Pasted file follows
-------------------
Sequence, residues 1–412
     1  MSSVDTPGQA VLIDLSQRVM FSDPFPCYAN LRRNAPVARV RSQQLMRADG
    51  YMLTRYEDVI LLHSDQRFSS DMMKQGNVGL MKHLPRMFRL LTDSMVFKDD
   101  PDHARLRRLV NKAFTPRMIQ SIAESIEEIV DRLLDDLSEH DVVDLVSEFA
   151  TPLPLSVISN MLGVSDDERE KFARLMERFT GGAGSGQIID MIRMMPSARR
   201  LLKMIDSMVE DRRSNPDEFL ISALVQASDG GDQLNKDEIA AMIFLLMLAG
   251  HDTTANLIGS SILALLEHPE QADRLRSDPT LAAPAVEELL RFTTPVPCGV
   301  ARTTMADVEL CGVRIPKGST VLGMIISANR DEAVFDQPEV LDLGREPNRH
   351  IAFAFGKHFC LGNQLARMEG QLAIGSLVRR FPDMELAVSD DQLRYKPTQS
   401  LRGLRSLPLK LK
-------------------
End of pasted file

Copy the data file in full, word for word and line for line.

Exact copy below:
Sequence, residues 1–412
     1  MSSVDTPGQA VLIDLSQRVM FSDPFPCYAN LRRNAPVARV RSQQLMRADG
    51  YMLTRYEDVI LLHSDQRFSS DMMKQGNVGL MKHLPRMFRL LTDSMVFKDD
   101  PDHARLRRLV NKAFTPRMIQ SIAESIEEIV DRLLDDLSEH DVVDLVSEFA
   151  TPLPLSVISN MLGVSDDERE KFARLMERFT GGAGSGQIID MIRMMPSARR
   201  LLKMIDSMVE DRRSNPDEFL ISALVQASDG GDQLNKDEIA AMIFLLMLAG
   251  HDTTANLIGS SILALLEHPE QADRLRSDPT LAAPAVEELL RFTTPVPCGV
   301  ARTTMADVEL CGVRIPKGST VLGMIISANR DEAVFDQPEV LDLGREPNRH
   351  IAFAFGKHFC LGNQLARMEG QLAIGSLVRR FPDMELAVSD DQLRYKPTQS
   401  LRGLRSLPLK LK